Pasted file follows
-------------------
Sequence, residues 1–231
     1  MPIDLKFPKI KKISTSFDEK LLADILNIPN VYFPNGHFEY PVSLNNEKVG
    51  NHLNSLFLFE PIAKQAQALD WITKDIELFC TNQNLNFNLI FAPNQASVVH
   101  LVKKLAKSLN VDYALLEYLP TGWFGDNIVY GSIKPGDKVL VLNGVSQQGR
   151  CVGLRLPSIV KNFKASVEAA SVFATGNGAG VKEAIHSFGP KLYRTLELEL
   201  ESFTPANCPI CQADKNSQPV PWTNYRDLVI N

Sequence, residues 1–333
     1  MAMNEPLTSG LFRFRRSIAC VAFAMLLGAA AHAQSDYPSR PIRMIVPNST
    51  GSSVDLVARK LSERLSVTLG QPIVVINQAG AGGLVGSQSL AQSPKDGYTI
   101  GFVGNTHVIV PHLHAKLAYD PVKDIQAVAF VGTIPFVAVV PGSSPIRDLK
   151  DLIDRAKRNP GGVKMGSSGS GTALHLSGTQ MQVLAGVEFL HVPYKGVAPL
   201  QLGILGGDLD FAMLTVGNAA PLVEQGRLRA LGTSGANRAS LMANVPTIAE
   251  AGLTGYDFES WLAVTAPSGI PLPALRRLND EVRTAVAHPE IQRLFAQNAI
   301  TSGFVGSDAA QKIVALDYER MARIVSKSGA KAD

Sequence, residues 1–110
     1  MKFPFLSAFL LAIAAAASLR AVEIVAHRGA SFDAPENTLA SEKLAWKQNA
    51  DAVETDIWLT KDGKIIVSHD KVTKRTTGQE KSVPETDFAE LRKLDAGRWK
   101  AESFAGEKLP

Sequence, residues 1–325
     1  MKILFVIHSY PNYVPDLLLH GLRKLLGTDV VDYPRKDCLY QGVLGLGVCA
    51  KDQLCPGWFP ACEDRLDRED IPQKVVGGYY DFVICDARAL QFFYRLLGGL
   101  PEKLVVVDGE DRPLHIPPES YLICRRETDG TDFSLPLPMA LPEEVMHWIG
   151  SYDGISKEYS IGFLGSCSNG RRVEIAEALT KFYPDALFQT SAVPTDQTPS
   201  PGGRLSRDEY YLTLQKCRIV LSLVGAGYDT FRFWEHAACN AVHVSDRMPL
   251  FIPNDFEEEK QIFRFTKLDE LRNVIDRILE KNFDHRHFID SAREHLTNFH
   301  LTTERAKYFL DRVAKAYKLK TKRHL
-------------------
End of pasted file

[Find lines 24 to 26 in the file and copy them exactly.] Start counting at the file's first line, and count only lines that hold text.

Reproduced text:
   201  PGGRLSRDEY YLTLQKCRIV LSLVGAGYDT FRFWEHAACN AVHVSDRMPL
   251  FIPNDFEEEK QIFRFTKLDE LRNVIDRILE KNFDHRHFID SAREHLTNFH
   301  LTTERAKYFL DRVAKAYKLK TKRHL